It’s been nine years now. A very slow progression. The anger is mostly gone now. Every day she sits on the couch and says to my son, “I didn’t know you could play the piano so good, when did you learn that?” Every day he smiles because she asked the same exact question of him the day before. Her short term memory is completely gone. She will ask for dinner and then be completely surprised when I hand her food five minutes later. “How did you know I was hungry?”  She will watch a movie and say “I used to live there!” even though it was 60 years ago. Watching her listen to music from the ‘40s and ‘50s is strange. She knows every single word and laughs so brightly as she sings along.

Sometimes she thinks I am her mother, which makes her cry since she lost her mother at age 16. I hug her and tell her how proud I am of her, what a good girl she is. She can no longer remember the names of my children or husband. It’s “the tall one” the “brown-haired one” and “the baby,” who is 13. Family members from far away have stopped calling. She seems a bit more like her normal self, friendly, complimentary, yet there has been so much sludge under the bridge the past decade that family members have a hard time even smiling at her or answering about how their day was. I’ve been trying to tell the family, she has changed again, this is a new person again, please hug her, hold her hand, smile at her jokes. But they are leery. They know it is only a stage, and it is better for one’s heart to keep it locked.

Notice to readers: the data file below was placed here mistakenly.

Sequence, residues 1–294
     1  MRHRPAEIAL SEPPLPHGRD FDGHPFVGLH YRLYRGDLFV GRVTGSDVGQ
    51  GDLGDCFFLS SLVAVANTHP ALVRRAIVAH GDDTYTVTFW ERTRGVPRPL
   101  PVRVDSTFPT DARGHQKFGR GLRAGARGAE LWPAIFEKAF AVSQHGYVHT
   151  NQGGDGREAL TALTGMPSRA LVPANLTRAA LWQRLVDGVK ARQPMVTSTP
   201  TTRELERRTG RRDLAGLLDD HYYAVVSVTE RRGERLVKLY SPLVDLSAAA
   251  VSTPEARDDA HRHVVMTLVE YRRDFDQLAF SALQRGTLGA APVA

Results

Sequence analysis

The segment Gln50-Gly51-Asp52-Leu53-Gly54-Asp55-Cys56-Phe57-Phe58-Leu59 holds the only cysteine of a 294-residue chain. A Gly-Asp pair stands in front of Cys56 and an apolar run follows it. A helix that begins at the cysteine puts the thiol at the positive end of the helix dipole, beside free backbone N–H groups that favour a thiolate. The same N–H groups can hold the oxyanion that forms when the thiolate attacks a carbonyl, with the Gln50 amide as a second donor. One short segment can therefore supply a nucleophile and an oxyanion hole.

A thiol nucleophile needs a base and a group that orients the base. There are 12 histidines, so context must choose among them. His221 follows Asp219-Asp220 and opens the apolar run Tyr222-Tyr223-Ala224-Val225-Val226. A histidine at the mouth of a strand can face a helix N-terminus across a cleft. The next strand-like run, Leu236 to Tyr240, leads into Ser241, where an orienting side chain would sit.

When she had her CT, the doctor said that her brain had shrunk quite a bit. He said as portions go dormant she will regress and then other portions of the brain will pick up the slack and she will come back until those connections stop too. I try to take advantage every time she seems to have made some new connections. It’s nice to hear her ask “Why can’t I remember?” when years ago she wouldn’t admit that for anything.

The author’s mother, before and after the ravages of dementia.

Courtesy of the author

I’ve been dreading the end for years. We just found out that she has inoperable lung cancer and will be gone within the year. I am SO relieved. Now she can have hospice, and I feel like I will have a little bit of control. I am glad that she has no idea about the cancer (she forgets when we mention it), which is a blessing. I am grateful that my children will not have to remember how awful the end was going to be, and that the ending via cancer should be much more humane.

I know the next year is going to be horrible for me. There will come a time when she can no longer walk without slumping like a rag doll. She already has trouble chewing her food. Swallowing pills is out of the question. She no longer can make it to the bathroom or the kitchen. She calls on me constantly. I haven’t been this sleep deprived since my children were babies.
I will only keep the first picture after it is over. She was so loving, so giving, I would have done anything for her. Even take care of her until her last day.